Rekha Basu’s trashing of the heartbeat law shocked nobody. In reality, if the Republican House and Senate passed a controversial bill she applauded, there’d be serious cause for concern among conservatives.

Basu wrote that Martin Cannon, the state’s lawyer defending the heartbeat law, has a central argument that a fetus becomes a baby once it has a heartbeat. And, Basu wrote, that has never been recognized as fact.

Nevermind that there is scientific consensus that life begins at conception. The American College of Pediatricians wrote in March, 2017:

“The American College of Pediatricians concurs with the body of scientific evidence that corroborates that a unique human life starts when the sperm and egg bind to each other in a process of fusion of their respective membranes and a single hybrid cell called a zygote, or one-cell embryo, is created.”

It’d be funny if it wasn’t so sad. The same group of people who argue it is Republicans who are science deniers over climate change are the same people who ignore science when it comes to life, gender and biology.

We’ve literally had hearings in courts in the United States where lawyers have argued chimpanzees are “legal persons.” And you’re telling me an unborn baby with a heartbeat isn’t a human?

Like a broken clock, Basu was right at least once in her piece. She wrote that if it were established that a fetus is a baby once it has a heartbeat, then the Supreme Court would not have recognized a woman’s constitutional right to an abortion Roe v. Wade. The justices on the court back then literally wrote something nearly identical.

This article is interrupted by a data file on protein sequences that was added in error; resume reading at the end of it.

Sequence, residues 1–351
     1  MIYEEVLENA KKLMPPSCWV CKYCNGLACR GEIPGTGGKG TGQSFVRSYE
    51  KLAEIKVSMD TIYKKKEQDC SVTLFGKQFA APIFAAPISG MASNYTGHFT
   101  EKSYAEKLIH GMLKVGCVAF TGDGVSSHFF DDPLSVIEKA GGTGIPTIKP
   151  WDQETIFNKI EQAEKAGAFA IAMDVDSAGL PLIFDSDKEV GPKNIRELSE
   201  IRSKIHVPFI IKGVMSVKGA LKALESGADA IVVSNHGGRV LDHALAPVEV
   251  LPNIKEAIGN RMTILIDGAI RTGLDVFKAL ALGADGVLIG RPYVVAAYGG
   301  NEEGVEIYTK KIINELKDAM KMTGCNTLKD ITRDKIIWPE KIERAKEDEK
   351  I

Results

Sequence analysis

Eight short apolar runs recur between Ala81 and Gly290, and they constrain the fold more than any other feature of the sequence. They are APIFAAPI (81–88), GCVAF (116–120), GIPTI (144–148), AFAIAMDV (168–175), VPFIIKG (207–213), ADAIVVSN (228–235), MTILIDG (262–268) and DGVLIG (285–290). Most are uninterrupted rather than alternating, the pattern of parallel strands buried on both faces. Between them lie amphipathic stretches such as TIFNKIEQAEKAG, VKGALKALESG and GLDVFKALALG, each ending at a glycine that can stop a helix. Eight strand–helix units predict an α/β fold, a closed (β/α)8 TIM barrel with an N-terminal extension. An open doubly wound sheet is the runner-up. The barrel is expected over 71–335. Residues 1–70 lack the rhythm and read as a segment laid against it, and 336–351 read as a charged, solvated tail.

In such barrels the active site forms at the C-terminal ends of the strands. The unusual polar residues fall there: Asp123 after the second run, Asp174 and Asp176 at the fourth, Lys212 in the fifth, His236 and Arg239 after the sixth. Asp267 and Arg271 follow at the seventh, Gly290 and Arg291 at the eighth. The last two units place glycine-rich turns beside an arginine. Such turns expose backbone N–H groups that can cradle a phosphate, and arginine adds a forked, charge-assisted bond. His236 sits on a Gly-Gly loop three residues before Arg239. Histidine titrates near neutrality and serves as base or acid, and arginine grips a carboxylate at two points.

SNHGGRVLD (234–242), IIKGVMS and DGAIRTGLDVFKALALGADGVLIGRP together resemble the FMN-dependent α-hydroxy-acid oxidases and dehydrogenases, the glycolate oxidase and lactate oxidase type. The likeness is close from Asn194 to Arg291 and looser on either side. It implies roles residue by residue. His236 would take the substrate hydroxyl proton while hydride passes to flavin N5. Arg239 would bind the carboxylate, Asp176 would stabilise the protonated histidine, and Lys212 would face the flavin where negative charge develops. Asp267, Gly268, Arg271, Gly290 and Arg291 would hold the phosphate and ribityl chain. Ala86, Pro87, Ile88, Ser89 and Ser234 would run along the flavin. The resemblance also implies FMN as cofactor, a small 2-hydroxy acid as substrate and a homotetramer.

Personhood, Basu wrote, is rhetorical, not factual. The legislature and the governor, she said, imposed their religious positions on a secular state. She added at least half of people polled believe the heartbeat law goes too far, making abortion illegal after a fetal heartbeat is detectable.

There’s nothing religious about the suggestion that life begins at the heartbeat. And if an unborn child is a human, isn’t protecting him or her exactly what the government is supposed to do in a secular state?

Basu criticized Cannon for using “emotion” in the hearing a couple weeks ago. This is rich coming from someone who so often takes emotional positions rather than logical ones. I am certain Basu has latched on to an emotional argument or two for illegal immigration rather than simply sticking to the facts of the illegal activity involved.

In her piece, Basu wrote states wouldn’t sanction legal murder. Here’s the reality for Basu and other pro-abortion activists, abortion is a premeditated killing of a human being. What else could you possibly consider an unborn child? And, if it is a premeditated killing of a human being, it is murder by definition.

Why Basu doesn’t think a state would sanction legal murder is beyond me. Especially considering she’s lived the majority of her life in a country that has indeed sanctioned legal murder.

If only Basu cared as much about unborn babies as she does about Pinky, a dog who spent two years in confinement in Des Moines.

There are a few questions left unanswered for Basu.

If it’s not a human being, what is it?

Do you support states abolishing laws that bring murder charges against people who cause a pregnant woman to lose their baby? For instance, if a pregnant woman is making one last turn before entering Planned Parenthood for her abortion, and a driver slams into her, causing her unborn baby to die, that driver can be charged with vehicular homicide. The math doesn’t add up. Basu argues viability determines life, not whether a baby is wanted.

Can the Supreme Court ever be wrong?

At what point does that unborn baby become a human being and deserve the protections promised to him or her under the Constitution?

Have you ever been invited to a ‘fetus shower?’

Is the egg of a bald eagle really more precious than the egg of a human being?

Here’s some truth for Basu. States have and continue to sanction legal murder. And they do so because people like her support abortion.

Jacob Hall

Author: Jacob Hall